One struggling small townIt’s time for Americans to recognize the value of our small cities and towns, and to take steps to help the people who remain outside of our large cities to see fair value for their work; rewards for their investments.  Our small towns are the strong, silent type – providing resources and contributing to the prosperity of our country while making little noise and asking for little in return.

It’s critically important that we help our small towns and rural areas to grow and flourish.  For too many generations we Americans have been neglecting our country cousins, leaving the countryside more desolate and unpopulated with each generation.  It’s true that some towns have survived, even prospered, but usually at the expense of the surrounding countryside and surrounding communities.

This isn’t a desperate last call to action.  There are still a lot of busy little towns in America and a lot of people who appreciate the advantages of the un-city lifestyle.  But as farms continually consolidate and grow larger and as many towns are either stagnant or shrinking, the population of the American countryside is becoming more sparse and prospects for those who live there are becoming more bleak.  The economies of these tiny towns and small cities are dependent on a variety of factors, but the biggest and most common is agriculture.

Farmers have been doing well the last couple of years, and we need to see to it that doesn’t change.  The advent of ethanol-based fuels for our vehicles and the general increase in commodity prices have been good for farmers and those whose livelihoods are dependent on the farm economy.  This is a trend that ought to continue.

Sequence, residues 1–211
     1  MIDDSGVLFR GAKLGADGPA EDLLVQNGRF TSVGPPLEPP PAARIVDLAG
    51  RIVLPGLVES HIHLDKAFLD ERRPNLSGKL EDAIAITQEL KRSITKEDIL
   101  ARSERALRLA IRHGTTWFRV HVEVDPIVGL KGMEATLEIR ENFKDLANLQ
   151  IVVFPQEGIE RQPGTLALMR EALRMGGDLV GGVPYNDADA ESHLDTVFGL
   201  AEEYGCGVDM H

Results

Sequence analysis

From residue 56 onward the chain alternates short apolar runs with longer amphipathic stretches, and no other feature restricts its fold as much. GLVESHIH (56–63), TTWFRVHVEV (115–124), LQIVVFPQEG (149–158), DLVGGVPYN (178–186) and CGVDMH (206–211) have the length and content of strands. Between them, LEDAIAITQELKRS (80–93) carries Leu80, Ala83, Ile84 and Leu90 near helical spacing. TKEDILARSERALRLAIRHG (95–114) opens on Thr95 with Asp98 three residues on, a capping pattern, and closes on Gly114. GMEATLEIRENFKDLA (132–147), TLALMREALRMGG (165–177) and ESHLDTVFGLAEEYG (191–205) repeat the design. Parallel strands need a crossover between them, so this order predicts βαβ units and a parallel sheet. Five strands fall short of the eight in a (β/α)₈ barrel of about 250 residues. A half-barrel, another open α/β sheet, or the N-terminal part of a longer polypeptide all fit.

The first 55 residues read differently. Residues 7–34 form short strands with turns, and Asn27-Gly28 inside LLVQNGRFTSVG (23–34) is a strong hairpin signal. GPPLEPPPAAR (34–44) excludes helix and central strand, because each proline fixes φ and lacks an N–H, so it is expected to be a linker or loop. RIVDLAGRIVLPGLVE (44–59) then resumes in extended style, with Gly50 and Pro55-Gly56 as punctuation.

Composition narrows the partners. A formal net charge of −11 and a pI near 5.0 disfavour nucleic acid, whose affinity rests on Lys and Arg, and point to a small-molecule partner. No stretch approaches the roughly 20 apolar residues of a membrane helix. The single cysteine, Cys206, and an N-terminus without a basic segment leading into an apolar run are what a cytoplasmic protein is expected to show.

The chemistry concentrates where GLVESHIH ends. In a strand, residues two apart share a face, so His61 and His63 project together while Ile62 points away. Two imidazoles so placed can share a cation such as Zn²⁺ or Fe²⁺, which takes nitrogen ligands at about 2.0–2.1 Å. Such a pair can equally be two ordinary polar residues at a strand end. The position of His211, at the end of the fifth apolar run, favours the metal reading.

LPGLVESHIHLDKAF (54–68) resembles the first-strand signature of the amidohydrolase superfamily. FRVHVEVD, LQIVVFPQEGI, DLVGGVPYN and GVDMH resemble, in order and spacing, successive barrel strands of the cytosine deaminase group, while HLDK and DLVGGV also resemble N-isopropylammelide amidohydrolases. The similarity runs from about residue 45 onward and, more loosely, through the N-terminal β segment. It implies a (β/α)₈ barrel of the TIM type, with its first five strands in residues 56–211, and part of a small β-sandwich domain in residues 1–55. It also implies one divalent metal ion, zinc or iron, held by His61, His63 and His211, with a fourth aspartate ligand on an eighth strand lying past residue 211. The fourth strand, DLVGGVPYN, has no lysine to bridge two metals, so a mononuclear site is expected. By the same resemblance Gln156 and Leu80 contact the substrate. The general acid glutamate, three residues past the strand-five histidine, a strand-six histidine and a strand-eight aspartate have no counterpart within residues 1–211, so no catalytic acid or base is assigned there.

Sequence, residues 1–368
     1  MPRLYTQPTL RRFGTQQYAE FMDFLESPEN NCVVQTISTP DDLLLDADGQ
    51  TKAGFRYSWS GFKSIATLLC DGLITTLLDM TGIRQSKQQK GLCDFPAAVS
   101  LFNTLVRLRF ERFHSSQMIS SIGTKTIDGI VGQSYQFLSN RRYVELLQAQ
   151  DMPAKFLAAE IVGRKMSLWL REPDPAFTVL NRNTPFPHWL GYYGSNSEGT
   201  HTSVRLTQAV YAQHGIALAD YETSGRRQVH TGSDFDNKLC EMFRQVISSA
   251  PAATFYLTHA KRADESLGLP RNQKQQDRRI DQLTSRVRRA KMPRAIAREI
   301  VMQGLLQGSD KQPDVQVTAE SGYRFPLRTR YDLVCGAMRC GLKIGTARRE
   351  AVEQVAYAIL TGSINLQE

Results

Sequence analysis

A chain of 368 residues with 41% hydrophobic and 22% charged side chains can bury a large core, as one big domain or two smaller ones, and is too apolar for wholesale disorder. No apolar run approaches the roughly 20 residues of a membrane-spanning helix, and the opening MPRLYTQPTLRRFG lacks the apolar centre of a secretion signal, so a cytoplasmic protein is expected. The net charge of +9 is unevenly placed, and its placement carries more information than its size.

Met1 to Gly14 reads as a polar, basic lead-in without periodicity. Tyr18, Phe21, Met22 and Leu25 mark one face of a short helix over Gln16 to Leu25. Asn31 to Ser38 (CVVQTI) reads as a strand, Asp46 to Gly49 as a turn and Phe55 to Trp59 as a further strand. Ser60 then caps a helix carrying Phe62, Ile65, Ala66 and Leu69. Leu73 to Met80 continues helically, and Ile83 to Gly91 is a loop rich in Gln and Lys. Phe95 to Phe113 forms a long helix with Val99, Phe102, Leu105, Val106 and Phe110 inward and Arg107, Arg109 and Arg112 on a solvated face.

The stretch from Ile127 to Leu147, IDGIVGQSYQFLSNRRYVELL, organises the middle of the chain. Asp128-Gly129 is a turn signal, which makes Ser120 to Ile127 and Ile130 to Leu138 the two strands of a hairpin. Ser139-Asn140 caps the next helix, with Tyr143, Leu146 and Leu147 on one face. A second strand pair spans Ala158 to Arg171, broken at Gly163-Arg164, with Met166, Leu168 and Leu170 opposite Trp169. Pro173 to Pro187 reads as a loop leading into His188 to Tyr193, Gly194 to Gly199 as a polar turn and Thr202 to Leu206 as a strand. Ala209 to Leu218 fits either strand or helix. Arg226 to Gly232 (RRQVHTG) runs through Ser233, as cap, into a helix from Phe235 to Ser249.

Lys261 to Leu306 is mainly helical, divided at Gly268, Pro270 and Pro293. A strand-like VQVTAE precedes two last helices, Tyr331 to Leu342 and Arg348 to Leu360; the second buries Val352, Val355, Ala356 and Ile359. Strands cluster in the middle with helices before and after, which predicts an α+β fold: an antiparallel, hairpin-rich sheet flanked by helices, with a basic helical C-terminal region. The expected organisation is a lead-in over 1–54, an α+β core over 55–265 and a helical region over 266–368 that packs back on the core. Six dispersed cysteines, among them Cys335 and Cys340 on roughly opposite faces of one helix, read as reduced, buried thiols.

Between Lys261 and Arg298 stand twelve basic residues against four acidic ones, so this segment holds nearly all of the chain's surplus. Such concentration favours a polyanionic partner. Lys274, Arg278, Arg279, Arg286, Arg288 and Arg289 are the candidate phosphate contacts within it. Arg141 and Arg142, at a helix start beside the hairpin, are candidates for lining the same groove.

Unfortunately, infrastructure projects have passed small-town America by for far too long.  Roads and bridges are in disrepair, schools are consolidating and closing, the information superhighway is bypassing far too many of America’s byways.  Local governments are hard-pressed to meet the needs of their communities, and diminishing populations result in fewer financial resources available to meet those needs.

The people of the United States ought to recognize that for more than two hundred years now, our farms and small towns have been pouring horsepower and brainpower into the national economy and helping to drive the success and prosperity of this country.  Former presidential candidate Mike Huckabee has correctly observed that a country that can’t produce its own food and manufacture its own arms isn’t really free.  I would add that a country of empty frontiers and ghost towns isn’t really prosperous, no matter how wealthy and luxurious its cities appear to be.

“Judge not, lest ye be judged.”

It’s one of the best-known and most popular sayings of Jesus Christ, partly because it sounds so biblical, and partly because it’s such a useful retort for anyone who doesn’t want his behavior evaluated by others.  But what does it really mean?

As any first-year Bible student learns, the first key to understanding a passage is in evaluating the passage in context.  Understanding when and why the speaker said what He said, and reading what He said before and after what He said, can help us to more fully understand what He meant.

Here’s the context: Jesus is on a roll – He’s in the middle of the Sermon on the Mount, described by the NIV Study Bible commentary as “the first of five great discourses in [the book of] Matthew.”  He’s just finished one of the most beautiful rhetorical flourishes in all of literature (“…do not worry about tomorrow, for tomorrow will worry about itself.  Each day has enough trouble of its own”) and he’s beginning a new course of thought.  The statement from the Gospel of Matthew, chapter 7, verses 1-5, as it appears in the NIV (New International Version) is as follows:

“Do not judge, or you too will be judged.  For in the same way you judge others, you will be judged, and with the measure you use, it will be measured to you.

Why do you look at the speck of sawdust in your brother’s eye and pay no attention to the plank in your own eye?  How can you say to your brother, ‘Let me take the speck out of your eye,’ when all the time there is a plank in your own eye?  You hypocrite, first take the plank out of your own eye, and then you will see clearly to remove the speck from your brother’s eye.”

So what does it mean?

First of all, it must be noted that Jesus was no ordinary street preacher.  His rhetorical skills were fantastic, and His philosophical point of view was so at odds with the paradigm that he helped to revolutionize Western thought, not to mention world religion.